6. Press Refresh in Repair wizard. Backup drive found. Choose only backup, check Format and repartition disks, UNcheck Only restore system drives. Do not install drivers. Under Advanced options, UNcheck Automatically restart this computer after the restore is complete, and UNcheck Automatically check and update disk error information. Start restore.
Restoring from 500GB SATA drive attached via Rosewill RCW-608 adapter:
2:25pm started restore
2:55pm drive C: restore complete (24.7GB)
5:02pm drive D: restore complete (82.5GB)
6:05pm drive S: restore complete (8.4GB)
This drive may be slower than the Seagate Freeagent I restored from last time. Also there is more data.
7. Before rebooting, go to the command prompt and check the volume letters. Reassign as necessary. Sample commands:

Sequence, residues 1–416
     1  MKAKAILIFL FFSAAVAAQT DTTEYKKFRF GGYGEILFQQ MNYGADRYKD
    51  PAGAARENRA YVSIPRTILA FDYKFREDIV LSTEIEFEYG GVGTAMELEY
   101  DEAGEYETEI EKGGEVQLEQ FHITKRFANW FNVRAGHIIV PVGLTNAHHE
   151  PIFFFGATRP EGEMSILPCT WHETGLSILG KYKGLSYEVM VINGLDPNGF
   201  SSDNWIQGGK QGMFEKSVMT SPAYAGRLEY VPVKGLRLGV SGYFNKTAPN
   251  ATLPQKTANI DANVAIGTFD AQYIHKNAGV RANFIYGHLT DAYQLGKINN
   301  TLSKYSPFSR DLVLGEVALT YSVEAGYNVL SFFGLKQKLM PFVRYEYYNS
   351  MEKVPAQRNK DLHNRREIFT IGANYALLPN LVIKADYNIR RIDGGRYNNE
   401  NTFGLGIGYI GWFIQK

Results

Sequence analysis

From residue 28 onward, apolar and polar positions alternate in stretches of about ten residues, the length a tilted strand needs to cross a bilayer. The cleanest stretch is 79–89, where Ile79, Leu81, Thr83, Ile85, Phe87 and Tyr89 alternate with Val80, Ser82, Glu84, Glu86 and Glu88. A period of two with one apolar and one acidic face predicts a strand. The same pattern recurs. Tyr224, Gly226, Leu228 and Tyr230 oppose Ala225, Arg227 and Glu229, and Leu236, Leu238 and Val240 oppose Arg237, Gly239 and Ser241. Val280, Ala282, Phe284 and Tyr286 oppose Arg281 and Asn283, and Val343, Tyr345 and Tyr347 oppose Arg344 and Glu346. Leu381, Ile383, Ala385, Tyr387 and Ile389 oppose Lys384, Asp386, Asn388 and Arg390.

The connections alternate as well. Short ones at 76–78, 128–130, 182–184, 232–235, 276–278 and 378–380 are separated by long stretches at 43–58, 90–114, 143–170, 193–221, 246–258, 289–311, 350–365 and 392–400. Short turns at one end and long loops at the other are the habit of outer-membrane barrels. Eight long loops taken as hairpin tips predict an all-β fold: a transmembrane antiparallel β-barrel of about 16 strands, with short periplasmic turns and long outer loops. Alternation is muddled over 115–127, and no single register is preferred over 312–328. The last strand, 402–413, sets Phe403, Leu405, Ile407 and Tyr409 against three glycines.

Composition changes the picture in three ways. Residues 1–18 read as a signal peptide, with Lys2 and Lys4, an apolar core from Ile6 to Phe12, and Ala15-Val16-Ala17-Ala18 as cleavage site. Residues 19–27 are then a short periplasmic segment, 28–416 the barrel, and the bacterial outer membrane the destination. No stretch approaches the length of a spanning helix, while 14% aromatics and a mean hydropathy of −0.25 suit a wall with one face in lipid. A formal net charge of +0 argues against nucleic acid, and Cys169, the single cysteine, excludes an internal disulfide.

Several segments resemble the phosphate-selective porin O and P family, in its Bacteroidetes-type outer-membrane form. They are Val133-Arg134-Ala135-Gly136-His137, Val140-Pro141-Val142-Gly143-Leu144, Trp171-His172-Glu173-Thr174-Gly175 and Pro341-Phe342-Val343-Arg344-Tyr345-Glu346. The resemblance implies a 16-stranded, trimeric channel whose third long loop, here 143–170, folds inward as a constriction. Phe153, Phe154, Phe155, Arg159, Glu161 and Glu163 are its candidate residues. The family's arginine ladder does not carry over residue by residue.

select disk 0
list volume – letters are all messed up
select volume 0 Label is “GRMSXVOL_EN” Type is “DVD-ROM”
select volume 1 Label is “System Rese”
remove letter=C System Reserved should not have a letter
select volume 2 Label is “OS_4KB”
remove letter=A This is the boot volume
active identify as the boot volume
select volume 3 Label is “Data-16KB”
select volume 4 Label is “Backup-16KB”
list volumes confirm correct lettering
8. Still on the command prompt, copy bootmgr from the restored OS drive to the root of C:
Next time: do step 11 here (check for OS, run bootrec /rebuildbcd if not found).
9. Shut down live Hyper-V server and block inbound port 25 at the router so mail will not go to test server.
10. On the Optiplex, remove the DVD and shut down. Disconnect the external backup drive and power on.
“Windows failed to start.
Info: An error occurred while attempting to read the boot configuration data.
11. Boot from DVD and go to Repair. Operating system is not listed for repair, so follow Method 2 of accepted solution in this thread. From a command prompt, type
and let it add C:\Windows to the boot list. Remove DVD and restart.